Cyberculture and privacy

Being actively engaged with a topic inevitably heightens one’s senses to any mention of it in everyday life.  One such example of this occurred this morning during my commute to work.  Half listening to the BBC’s Today Programme during the morning commute the subject matter turned to cyber security and I was immediately more attentive.

The item was referring to the use of social media tools by terrorists, both from a propaganda and organisational perspective, and the inability of security agencies to access encrypted messaging sent and received during the recent attack in London.

The debate centred on the relative benefits and pitfalls of social media providers creating a key or ‘backdoor’ to enable the security services to access encrypted messaging.  The opposing view presented was that the rest of the public would suffer a loss of privacy as a result and that such a backdoor would create a vulnerability that would be open to exploit.

This feels like another example of what Sian Bayne refers to as ‘complex entanglements’ (Bayne, S. 2014).  None of us want terrorists to be provided with unhindered means of organising attacks, and many might consider a loss of privacy a price worth paying.   But what if that loss of privacy allows state sponsored   meddling in our democratic processes.  What if our own security services were to misuse their powers and routinely access our day to day communications? (the  ‘snoopers charter’ debate).

This all felt very pertinent to the privacy aspect of this ‘Algorithmic Cultures’ block.  In one context collecting and presenting data in a particular way might appear entirely appropriate.  Perhaps what we need to consider is how else the data we collect might be used and by whom.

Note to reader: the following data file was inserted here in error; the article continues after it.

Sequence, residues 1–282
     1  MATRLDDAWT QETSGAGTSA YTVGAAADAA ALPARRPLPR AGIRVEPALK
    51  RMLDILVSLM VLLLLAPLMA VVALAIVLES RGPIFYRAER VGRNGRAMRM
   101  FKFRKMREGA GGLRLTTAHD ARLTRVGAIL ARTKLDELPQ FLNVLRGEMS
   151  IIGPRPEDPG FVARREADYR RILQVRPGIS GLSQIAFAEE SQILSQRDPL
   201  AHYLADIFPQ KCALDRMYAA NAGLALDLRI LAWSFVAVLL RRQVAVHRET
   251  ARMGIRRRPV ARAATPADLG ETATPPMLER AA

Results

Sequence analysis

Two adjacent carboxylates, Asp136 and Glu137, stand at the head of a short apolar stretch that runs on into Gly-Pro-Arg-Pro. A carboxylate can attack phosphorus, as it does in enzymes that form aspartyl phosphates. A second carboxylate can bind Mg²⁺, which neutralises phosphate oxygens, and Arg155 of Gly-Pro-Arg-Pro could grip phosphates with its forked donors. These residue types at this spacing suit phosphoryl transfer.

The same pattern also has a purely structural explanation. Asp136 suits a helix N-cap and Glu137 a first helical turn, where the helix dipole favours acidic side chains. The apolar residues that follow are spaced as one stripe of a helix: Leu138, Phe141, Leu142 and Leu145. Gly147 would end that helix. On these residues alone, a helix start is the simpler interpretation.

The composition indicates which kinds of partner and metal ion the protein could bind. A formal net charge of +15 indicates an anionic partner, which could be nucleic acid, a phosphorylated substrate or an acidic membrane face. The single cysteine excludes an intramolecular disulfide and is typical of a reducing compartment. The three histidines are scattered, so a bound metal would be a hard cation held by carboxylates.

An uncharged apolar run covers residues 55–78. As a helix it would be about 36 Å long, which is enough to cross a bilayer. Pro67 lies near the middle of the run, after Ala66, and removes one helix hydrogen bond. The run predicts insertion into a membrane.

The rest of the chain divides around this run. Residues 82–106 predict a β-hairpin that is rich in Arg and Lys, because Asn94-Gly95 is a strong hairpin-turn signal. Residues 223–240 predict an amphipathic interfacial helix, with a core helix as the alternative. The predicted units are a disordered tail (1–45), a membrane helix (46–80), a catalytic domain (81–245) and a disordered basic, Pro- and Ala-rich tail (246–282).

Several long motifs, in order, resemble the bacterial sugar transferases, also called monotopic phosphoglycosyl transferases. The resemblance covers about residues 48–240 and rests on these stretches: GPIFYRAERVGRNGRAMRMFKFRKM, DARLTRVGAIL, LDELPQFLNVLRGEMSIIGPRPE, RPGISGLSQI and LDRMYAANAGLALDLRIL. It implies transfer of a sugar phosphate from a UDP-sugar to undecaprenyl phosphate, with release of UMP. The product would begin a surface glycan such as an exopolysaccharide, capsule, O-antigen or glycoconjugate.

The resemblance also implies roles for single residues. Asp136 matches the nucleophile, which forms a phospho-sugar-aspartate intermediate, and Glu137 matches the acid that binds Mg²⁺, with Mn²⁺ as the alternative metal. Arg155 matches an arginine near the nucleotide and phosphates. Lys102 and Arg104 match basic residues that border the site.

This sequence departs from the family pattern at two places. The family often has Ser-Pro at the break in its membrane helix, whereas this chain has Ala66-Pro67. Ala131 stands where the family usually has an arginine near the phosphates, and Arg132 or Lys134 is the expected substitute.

Bayne, S. (2014) ‘What’s the matter with ‘technology-enhanced learning’?’ Learning Media and Technology 40(1), pp.5-20

Week 10 Lifestream summary

A work project moving from the planning phase into full on delivery, together with commitments over the weekend, left precious little time for blogging last week.  However, I did manage to find several periods of time over the week to write the required analysis of the Tweetorial.  I’ve since had a few more thoughts on the use of Twitter for education and I will either add these to the analysis or create a separate blog post.

The fact that I have what amounts to some self-imposed analytics on my Lifesteam, in the form of the calendar of blog posts, hasn’t escaped me.

Calendar of blog posts
Calendar of blog posts

I included the calendar for two reasons, firstly because I thought it might be helpful to future students of this course who visit my blog and secondly because it’s a reminder to me of the course requirement to ‘add to the Lifestream almost every day’.   The irony of this is that the Tweetorial analysis I worked on over several days only shows as a single post – another example of analytics not necessarily ‘making visible the invisible’.

As part of my current work project I’m using Articulate Storyline to create a tool that will enable our practice managers to review their current knowledge and use their input to point them to resources that will help them.  This has involved creating a means of filtering their input, which has required a multi-stage approach and several hundred conditional triggers.  In effect I’m writing my own algorithm and it will be interesting to apply some of the thinking I’ve done around Algorithmic Cultures to how the tool might be viewed by those it’s intended for, and by others in the business.

The Tutorial on Friday was lively and useful.  It was interesting to hear everyone’s views on the Tweetorial and the Algorithmic Cultures block.  In common with my fellow students my thoughts are now turning to tidying up my blog, continuing to add metadata and starting preparation for the multi-modal essay.